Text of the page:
We are reminded in Father Ripperger's talk on Spiritual Theology that mortal sin removes one's ability to grow in grace.
If one is in mortal sin, such as living in an irregular marriage or living in a homosexual relationship, one can merit nothing.
Why? Because justice demands that we give God His due worship. Due worship is actually loving God, and God sees this love and love of Himself. God wants to see Him in us.
No one can give due worship, that is love God in justice, if one is in mortal sin.
Therefore, going to Holy Communion when one is in mortal sin not only denies God justice, but also due worship.
God does not see His love in the person who is living in disobedience to Him. Justice, therefore, is denied to God.
Disorder in the will because of sin must be dealt with in Confession. Mortal sin means that God sees that one has turned away from God, one breaks the union with God. The soul is unsuited for God, says Thomas Aquinas.
God deserves due worship. He deserves our love. If He looks at us and does not see a soul facing Him, He is not worshipped correctly.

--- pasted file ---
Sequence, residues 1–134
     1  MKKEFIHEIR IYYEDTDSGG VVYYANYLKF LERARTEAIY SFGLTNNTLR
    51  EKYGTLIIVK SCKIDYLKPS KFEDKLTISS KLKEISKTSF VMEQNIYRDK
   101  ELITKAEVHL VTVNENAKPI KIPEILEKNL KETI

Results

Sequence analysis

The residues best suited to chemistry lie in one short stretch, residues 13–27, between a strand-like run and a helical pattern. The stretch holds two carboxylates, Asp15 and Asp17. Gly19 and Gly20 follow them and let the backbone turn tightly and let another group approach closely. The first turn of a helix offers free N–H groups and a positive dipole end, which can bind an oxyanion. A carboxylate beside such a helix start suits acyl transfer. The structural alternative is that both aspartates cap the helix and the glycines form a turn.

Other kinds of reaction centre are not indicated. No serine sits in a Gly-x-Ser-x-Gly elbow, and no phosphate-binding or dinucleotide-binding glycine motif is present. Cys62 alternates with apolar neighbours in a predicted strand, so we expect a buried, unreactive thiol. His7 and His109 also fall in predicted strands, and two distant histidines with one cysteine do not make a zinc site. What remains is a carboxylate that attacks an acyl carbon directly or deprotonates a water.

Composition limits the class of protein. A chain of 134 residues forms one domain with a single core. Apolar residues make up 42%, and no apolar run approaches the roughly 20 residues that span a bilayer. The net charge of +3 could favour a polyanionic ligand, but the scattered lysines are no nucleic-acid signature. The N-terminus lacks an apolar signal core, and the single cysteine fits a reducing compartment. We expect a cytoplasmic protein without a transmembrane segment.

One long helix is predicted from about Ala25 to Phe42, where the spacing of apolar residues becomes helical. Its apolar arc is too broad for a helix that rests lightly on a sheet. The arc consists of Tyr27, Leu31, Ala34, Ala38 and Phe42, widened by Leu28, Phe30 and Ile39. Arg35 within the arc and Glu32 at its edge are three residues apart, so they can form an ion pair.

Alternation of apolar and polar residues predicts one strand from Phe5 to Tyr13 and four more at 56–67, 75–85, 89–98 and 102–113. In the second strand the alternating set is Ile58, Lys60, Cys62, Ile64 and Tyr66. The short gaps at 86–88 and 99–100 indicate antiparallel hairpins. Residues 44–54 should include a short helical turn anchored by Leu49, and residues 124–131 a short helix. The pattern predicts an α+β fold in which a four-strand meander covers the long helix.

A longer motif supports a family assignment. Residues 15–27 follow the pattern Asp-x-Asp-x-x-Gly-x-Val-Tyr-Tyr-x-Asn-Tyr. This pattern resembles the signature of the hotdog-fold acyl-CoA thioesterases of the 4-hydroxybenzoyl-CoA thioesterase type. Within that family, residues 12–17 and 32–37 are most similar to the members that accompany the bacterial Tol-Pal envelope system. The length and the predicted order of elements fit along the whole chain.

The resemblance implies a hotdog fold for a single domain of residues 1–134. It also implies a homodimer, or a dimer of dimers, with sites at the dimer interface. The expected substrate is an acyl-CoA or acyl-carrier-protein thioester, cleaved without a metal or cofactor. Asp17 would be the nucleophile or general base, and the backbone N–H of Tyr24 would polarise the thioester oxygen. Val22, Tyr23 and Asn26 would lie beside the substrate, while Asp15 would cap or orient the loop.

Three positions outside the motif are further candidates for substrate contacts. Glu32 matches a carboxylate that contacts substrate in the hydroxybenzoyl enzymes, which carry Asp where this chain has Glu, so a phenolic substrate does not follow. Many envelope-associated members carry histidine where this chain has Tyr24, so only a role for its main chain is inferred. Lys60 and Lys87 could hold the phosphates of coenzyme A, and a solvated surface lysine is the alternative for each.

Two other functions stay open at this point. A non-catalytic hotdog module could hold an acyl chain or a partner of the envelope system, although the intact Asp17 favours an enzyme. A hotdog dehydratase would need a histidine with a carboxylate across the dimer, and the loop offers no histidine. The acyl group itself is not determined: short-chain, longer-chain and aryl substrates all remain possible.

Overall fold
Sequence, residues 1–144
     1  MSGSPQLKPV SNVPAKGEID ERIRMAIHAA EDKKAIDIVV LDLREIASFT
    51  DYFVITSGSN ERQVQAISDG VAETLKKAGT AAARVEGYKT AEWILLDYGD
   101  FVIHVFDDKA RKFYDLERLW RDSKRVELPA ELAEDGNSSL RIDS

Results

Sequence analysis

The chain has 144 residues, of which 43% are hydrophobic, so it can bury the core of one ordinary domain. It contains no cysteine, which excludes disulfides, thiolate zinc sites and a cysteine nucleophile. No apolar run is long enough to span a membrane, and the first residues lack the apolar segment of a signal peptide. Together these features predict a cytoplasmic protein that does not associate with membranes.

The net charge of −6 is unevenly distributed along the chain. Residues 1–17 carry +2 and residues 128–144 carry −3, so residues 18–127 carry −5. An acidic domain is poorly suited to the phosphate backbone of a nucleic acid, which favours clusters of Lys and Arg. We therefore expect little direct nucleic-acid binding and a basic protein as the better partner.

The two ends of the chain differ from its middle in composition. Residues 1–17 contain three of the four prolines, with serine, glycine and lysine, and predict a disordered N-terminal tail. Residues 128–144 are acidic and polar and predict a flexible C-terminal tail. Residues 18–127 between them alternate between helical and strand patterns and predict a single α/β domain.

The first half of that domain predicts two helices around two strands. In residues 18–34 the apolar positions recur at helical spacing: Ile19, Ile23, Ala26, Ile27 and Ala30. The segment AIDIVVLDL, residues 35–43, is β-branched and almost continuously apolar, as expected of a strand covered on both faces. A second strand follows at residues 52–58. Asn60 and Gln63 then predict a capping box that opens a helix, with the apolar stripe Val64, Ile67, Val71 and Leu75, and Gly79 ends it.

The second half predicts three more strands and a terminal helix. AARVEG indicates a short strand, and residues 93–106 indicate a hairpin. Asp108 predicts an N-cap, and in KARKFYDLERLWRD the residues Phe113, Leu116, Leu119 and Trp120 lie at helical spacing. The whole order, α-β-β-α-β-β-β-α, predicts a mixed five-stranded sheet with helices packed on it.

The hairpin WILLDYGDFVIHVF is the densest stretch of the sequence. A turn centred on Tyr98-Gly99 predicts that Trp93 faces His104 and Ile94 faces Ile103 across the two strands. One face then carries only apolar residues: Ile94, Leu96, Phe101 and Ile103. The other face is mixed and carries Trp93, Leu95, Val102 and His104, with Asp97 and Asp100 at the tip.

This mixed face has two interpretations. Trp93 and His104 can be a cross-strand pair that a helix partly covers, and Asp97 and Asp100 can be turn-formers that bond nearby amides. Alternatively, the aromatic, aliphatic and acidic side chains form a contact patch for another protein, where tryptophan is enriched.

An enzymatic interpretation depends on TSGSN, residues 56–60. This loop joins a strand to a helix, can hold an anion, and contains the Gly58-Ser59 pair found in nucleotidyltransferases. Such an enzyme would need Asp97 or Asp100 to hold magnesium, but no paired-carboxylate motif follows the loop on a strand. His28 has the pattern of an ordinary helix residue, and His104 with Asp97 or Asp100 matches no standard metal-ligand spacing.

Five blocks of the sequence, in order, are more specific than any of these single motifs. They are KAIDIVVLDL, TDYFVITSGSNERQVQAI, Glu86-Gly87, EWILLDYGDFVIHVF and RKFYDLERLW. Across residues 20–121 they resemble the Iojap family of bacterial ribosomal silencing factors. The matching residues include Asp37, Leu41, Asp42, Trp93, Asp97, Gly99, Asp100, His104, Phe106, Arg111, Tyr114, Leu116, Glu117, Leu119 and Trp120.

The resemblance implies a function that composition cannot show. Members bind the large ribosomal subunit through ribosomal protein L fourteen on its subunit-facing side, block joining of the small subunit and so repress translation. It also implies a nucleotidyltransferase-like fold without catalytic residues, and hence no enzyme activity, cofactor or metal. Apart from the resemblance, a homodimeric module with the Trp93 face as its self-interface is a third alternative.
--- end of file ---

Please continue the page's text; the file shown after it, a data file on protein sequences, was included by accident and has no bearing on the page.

Why admit people in mortal sin to Communion when these people get NO merit and they are not giving due worship to God?
That creates the sin of sacrilege. God retracts the causation of grace in the soul when one is in mortal sin. Prayers for friends and family members are useless for the person in mortal sin. The person in mortal sin cannot intercede for anyone. We need grace to intercede, to do holy things, to actuate the virtues, to do good works.
In mortal sin, we lose the love of God, which Thomas Aquinas states.
Why is it that so many of the synodal fathers do not know these basic teachings of the Church?
In mortal sin, first to go is love of God, second is hope, then faith. So teaches Fr. Ripperger using Thomas Aquinas.
The only way to get out of mortal sin is to return to God in the sacrament of Confession and repent of the sinful lifestyle. Period. Father Ripperger gives us a simple set of points,which I have shared here, which help us understand the effect of serious sin.